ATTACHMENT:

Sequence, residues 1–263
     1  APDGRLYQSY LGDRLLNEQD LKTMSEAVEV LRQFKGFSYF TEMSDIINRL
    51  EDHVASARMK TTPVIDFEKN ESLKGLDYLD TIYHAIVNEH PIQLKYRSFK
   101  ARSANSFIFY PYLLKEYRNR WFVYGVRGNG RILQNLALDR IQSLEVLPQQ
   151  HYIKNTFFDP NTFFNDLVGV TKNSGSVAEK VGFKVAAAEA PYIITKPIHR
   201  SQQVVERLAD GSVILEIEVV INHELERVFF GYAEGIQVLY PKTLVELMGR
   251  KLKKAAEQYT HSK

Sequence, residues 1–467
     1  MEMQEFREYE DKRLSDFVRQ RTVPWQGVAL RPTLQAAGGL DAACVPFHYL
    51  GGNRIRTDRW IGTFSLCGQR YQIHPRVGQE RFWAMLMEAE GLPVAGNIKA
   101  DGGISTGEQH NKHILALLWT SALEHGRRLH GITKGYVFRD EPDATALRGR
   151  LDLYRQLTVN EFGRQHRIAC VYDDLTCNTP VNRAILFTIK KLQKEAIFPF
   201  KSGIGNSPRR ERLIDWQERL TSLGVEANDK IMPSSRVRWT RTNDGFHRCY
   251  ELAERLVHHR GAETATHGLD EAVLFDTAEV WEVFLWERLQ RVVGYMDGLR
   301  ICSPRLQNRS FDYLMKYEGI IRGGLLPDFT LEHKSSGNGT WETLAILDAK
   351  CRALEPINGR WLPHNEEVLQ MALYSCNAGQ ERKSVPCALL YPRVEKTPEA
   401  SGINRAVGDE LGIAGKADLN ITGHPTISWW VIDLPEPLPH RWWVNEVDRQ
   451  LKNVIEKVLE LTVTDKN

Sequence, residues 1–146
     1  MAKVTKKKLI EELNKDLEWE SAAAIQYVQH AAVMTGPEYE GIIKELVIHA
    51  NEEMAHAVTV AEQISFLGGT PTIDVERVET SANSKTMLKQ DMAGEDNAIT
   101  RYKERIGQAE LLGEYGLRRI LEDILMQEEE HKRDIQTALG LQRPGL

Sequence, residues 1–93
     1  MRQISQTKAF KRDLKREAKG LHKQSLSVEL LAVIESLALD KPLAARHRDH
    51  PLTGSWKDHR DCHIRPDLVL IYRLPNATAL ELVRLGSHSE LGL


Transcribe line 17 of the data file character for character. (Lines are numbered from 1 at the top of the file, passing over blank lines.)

   401  SGINRAVGDE LGIAGKADLN ITGHPTISWW VIDLPEPLPH RWWVNEVDRQ